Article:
Emma Shoesmith / Adrienne Toumayan

This image gives the viewer a chance to peak behind the scenes of a parkour session. The athlete, though not in active movement, is not portrayed as a passive object – she is just planning her next move.

Emma Shoesmith, UK,


Emma is a Creator, Inventor, inspired artist & action sports enthusiast. She is passionate about the outdoors, and how to achieve the perfect work/life balance, a project that is forever in effect. Emma loves to collaborate with other practitioners and strongly believes that diversity and gender equality are the keys to breakthrough for both businesses and initiatives. After completing a degree in Media at the University of Westminster Emma is completely hooked by image making, whether it be moving or stills, Emma just love to tell stories. And she is fantastic at it! Currently engaged in the project Board of Media, a social movement celebrating gender equality in action sports, Emma is building a community of likeminded brands and bodies. Board Of Media offers a new way to combat the objectification and sexualization of both men and women in action sports media, and the team just closed a successful crowdfunding campaign to fund their upcoming documentary on the topic.

“Moving or still images, my dream is to capture the essence of freedom and bottle it up with other beautiful things, keeping and collecting transient moments that I wish could last forever. My goal in life is to share these ephemeral moments with everyone everywhere; I learn from the people I meet and am inspired by the people I know. My drive to create art is heavily rooted in my search to discover more about myself and the world we live in.”
When and why did you get in to photography?
“Photography is an important part of my creative practice; it is a visual language that never lets me down. Moments in time that I am lucky enough to share with some of my subjects become more precious to me over time. I love to shoot on film, just the whole process is still seems like magic to me!”
What made you get in to action, extreme or adventure sports?
“I saw my mother and father on windsurfers, bikes, boards and skis when I was young. It felt like it was a very normal thing for me to do. My biggest love is snowboarding; a face full of powder and the perfect tree line is my idea of heaven.”


What’s your worst/best/most intense moment related to action sports?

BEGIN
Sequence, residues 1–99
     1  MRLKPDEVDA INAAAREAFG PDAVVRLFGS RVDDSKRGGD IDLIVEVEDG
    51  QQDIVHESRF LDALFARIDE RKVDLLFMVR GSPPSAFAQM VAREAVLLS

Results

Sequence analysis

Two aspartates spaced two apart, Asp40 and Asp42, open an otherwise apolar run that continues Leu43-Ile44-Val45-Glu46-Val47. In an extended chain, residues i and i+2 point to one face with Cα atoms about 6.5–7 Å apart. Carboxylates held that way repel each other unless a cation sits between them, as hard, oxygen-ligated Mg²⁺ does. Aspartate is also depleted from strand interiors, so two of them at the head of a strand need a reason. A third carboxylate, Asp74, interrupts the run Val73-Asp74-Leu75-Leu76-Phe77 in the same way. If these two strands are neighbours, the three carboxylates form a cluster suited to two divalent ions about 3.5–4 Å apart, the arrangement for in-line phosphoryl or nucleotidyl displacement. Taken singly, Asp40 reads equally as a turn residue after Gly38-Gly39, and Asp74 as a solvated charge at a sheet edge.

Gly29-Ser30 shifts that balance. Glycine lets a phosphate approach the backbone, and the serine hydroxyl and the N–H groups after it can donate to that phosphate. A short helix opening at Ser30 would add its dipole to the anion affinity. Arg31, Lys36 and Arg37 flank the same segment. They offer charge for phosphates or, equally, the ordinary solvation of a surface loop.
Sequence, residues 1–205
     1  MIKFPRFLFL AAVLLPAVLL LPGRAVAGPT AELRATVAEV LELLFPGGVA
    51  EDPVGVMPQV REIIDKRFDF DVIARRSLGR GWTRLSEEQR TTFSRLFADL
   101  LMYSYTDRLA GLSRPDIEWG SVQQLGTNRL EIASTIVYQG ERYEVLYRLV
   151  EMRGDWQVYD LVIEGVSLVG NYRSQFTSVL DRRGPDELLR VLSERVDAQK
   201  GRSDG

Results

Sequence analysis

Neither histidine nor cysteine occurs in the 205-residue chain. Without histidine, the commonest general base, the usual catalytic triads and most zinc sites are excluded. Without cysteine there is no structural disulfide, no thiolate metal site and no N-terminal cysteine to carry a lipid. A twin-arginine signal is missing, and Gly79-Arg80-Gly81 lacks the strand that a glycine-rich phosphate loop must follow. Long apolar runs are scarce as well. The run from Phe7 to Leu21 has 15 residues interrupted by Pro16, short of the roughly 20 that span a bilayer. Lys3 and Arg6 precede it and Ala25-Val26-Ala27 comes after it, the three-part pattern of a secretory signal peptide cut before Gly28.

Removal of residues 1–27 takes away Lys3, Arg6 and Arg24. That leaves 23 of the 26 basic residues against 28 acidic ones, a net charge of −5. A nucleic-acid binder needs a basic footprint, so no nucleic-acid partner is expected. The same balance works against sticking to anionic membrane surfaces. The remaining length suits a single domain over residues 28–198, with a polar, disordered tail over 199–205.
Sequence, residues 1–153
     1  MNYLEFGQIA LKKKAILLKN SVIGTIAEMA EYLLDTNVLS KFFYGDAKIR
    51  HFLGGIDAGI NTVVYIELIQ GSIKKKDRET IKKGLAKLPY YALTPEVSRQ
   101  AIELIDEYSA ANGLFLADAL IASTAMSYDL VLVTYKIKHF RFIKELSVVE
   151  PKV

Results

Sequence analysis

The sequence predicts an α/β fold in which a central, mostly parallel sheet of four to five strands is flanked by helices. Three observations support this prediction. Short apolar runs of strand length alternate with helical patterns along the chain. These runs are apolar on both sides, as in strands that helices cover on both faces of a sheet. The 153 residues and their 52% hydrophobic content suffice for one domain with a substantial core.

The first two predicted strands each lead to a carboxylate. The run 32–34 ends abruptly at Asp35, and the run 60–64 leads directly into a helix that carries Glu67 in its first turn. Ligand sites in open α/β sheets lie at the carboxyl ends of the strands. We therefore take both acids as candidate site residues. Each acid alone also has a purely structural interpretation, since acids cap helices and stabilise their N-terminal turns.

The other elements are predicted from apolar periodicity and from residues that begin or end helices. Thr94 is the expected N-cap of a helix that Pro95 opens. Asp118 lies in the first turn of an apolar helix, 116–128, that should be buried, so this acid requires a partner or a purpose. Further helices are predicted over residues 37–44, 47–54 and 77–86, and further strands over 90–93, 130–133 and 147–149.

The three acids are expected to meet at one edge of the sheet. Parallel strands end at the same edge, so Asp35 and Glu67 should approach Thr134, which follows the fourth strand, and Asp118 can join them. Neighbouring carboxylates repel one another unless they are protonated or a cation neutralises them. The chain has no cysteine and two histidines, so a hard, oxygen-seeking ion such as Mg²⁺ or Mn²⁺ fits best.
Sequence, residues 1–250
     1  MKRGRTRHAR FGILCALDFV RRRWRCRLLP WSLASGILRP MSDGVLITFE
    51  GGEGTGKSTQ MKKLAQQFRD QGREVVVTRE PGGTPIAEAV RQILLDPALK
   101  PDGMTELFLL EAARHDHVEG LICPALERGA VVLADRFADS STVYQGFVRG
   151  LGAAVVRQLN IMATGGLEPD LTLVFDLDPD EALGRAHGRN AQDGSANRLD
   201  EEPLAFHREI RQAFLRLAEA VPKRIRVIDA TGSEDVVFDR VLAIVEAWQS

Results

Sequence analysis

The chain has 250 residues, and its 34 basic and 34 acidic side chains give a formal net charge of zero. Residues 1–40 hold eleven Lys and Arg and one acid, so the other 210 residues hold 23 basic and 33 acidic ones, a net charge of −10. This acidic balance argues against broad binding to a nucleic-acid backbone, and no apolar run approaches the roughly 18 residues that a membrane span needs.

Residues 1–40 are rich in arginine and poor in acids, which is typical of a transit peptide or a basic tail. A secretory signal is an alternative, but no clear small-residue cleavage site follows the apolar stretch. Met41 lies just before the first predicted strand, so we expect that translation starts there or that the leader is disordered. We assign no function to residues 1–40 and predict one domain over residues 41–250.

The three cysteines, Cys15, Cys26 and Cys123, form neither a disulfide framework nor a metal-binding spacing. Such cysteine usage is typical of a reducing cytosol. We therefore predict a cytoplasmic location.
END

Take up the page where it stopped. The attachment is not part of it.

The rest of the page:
“Best moment: Dropping in to my first big green wave, riding it all the way to the end and smiling all the way! Worst Moment: Being called out in the surf, told to leave a break because apparently I wasn’t “good enough”.
What/Who is you favorite initiative, project, professional, leader, athlete or brand in the action sports sphere?
“The History of Women’s Surfing project is so important to document as women are more often than not left out of surf cultures grand narrative.”
What do you think of the lack of role models for girls and women in male dominated areas?
“The media presents the picture that Men do strength, Women do weakness. However, it is changing! There are a few initiatives that are representing men and women as equals. I would like to see more diversity in the female role models that we are presented with! That’s why the BodiesOfAction campaign is such a great idea!”
How do you see women evolving in the action sports scene?
“Support, support and more support. Girls need to know from an early age that they do not need to wear make up, high heels or have false nails to be somebody or to have value. We need to have a whole curriculum dedicated to teaching young girls and boys to be themselves. The sexualisation and objectification of men in the media is just as bad and harmful as it is for the girls. We are creating a world of men and women with low self-esteem and body dysmorphia! Education is the key.”


What are your hopes for the future of the industry?
“A cleaner, greener action sports industry void of sexism and gender inequality.”


What is the number one preconception or prejudice people have about you?
“People have asked me why we need projects like Board of Media and assume we don’t. I show them my academic research, and that usually aids in informing them why this is a subject that needs to be addressed!

Do you have a feature or body part that you have been self-conscious about? Do you think low self-esteem in girls and stereotypes in media are connected?
“As a young girl I worried that my whole body, every single part of it, at some time or another was a little bit, or a lot, wrong. I have fortunately seen the light. Age and Education really is on a girls side when it comes to body image. We are what we are, we are all different, and wouldn’t life be boring if we were all the same? ”
Do you think there’s a difference in how women and men are portrayed in the action sports industry?